I am currently working in my first IT job, as an Intrusion Analyst. My company is great, and have been willing to take a risk and train me on the job as I learn a new skill. They also offer certification reimbursement, about enough to cover 1 SANS course per year.

I am considering taking the GCIA or GCIH, but I'm not sure which one would be better. From what I can see GCIA is directly applicable to my current role, but my boss also has no respect for it. He says he interviewed a bunch of GCIA's for my current position, and that they could not answer basic questions about security in the interview process. It also seems that the GCIA will be less useful for me as I try to advance my career. I'm not looking to move on any time soon, but for a 6 grand course, I feel like there should be good ROI down the line. GCIH seems like it is still related to what I do now, but also largely covers procedures for incident response in addition to the technical security aspect. It seems like it is more well known and respected as well.

What would you folks recommend?
Currently Studying For: GXPN


  • chanakyajupudichanakyajupudi Member Posts: 712
    I think the GCIH is a good cert to have if you have intentions of moving or growing to a more IR type role. GCIA is a good cert to have too. I have done the GCIH but have also done 503 course but not the exam. They both have their own merits. Its upto you what you want to take away from either of the course. Having said that. If its growth you are looking for. One boss's opinion should effect your thinking.
    Work In Progress - RHCA [ ] Certified Cloud Security Professional [ ] GMON/GWAPT if Work Study is accepted [ ]

  • NovaHaxNovaHax Member Posts: 502 ■■■■□□□□□□
    I've done both, and in my opinion, GCIA was a lot more challenging than GCIH. Your boss sounds like an idiot...no offense. Fairly ignorant to pass judgement on a certification or training program based on a limited number of interviews, rather than actually assessing the content of the course and/or exam.
  • docricedocrice Member Posts: 1,706 ■■■■■■■■■■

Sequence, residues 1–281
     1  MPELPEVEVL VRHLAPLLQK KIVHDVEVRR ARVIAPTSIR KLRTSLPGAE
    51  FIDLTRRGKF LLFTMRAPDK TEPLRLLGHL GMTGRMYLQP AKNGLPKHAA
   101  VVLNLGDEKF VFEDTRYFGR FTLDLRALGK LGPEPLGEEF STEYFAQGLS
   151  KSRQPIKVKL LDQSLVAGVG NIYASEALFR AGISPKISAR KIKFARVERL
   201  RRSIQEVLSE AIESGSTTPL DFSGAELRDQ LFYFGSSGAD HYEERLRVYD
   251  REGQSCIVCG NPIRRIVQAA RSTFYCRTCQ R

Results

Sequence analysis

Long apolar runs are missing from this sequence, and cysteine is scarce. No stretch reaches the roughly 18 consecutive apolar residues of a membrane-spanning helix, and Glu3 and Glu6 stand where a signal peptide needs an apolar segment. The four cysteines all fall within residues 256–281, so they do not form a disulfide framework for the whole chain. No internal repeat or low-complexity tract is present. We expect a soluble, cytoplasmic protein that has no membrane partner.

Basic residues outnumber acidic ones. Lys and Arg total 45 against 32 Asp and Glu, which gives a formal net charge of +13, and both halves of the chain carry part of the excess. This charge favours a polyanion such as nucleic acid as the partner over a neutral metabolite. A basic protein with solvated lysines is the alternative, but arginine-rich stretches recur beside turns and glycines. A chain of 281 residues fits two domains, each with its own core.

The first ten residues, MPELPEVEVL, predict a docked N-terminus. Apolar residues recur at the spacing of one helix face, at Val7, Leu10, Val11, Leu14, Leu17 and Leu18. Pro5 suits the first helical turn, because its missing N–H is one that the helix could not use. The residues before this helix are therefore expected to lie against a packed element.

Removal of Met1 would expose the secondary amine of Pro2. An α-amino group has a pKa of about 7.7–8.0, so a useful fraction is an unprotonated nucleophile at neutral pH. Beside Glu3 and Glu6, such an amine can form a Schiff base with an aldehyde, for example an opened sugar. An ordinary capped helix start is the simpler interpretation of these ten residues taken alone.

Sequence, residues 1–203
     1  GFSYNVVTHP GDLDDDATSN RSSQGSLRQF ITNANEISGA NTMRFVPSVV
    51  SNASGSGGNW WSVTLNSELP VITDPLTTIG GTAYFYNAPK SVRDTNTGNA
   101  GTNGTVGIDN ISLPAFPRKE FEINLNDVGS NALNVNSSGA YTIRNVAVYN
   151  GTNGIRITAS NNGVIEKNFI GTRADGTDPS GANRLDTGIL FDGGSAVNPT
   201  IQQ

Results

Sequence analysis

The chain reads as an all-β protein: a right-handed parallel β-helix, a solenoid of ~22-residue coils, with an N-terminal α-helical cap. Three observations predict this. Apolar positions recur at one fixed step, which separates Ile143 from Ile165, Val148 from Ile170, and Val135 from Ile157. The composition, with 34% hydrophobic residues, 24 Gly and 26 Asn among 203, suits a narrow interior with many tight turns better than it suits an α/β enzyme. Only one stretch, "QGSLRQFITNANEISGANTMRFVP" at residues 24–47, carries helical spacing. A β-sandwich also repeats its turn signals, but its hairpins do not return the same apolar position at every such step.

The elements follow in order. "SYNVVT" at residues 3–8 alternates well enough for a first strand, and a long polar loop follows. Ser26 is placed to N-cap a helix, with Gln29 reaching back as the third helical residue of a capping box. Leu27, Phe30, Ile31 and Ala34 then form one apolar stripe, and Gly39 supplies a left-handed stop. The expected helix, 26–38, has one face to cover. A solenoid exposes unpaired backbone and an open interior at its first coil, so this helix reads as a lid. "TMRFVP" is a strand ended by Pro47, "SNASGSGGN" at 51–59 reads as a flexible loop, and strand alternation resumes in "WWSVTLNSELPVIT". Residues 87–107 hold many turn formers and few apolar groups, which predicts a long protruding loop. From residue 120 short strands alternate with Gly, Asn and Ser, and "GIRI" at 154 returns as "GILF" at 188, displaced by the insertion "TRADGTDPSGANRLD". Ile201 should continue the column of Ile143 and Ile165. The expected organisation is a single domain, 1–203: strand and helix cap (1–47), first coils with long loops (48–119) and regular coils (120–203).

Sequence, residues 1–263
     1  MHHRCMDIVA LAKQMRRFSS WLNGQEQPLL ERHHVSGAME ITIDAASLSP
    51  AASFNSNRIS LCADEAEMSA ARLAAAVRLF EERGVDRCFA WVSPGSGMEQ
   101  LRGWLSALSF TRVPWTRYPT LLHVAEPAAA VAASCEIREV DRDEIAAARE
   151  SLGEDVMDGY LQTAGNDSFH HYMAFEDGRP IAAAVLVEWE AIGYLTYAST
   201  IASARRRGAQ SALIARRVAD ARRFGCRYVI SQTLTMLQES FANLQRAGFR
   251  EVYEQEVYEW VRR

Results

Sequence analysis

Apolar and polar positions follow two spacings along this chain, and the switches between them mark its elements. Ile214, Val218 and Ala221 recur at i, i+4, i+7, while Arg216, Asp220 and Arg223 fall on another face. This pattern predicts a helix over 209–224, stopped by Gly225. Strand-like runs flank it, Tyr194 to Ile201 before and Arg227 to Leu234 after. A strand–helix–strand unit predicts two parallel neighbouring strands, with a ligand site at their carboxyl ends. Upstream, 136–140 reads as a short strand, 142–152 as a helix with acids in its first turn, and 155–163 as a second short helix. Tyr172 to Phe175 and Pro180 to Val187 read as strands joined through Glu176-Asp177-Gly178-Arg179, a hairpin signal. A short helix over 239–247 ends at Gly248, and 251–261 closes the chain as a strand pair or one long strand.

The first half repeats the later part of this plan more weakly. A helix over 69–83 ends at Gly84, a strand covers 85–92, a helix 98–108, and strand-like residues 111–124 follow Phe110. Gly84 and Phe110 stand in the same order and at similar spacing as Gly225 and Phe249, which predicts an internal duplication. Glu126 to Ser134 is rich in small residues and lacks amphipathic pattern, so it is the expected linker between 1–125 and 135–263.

The GCIA and SANS 503 is considered one of the cornerstones in the SANS/GIAC line-up. No certification can really prove that an interview candidate is capable when it comes to on-the-job performance, but it's interesting that your boss felt that they didn't understand basic security. Either the candidates' knowledge was much too narrowly-focused or perhaps the line of questions weren't very well thought-out.

    I felt that the GCIA is certainly more difficult of an exam than the GCIH, but it's also much more focused on a finite set of skills as opposed to GCIH which emphasizes a broader range of knowledge but doesn't expect a lot of depth in all of them.

    Both of these exams seem to be fairly well-known for those who are familiar with GIAC. The GCIA is network-focused whereas the GCIH covers both systems, networks, general tactics, and processes. They're quite complementary. Note that the GCIH is about incident handling, not necessarily incident response.
    Hopefully-useful stuff I've written: http://kimiushida.com/bitsandpieces/articles/
  • ramrunner800ramrunner800 Member Posts: 238
    Thanks for the opinions and information guys, I really appreciate them. I hear you on the subject of my boss's opinions about the training, though I have to say that it seems like many in security aren't big on formal training/certifications. I definitely feel like I need some.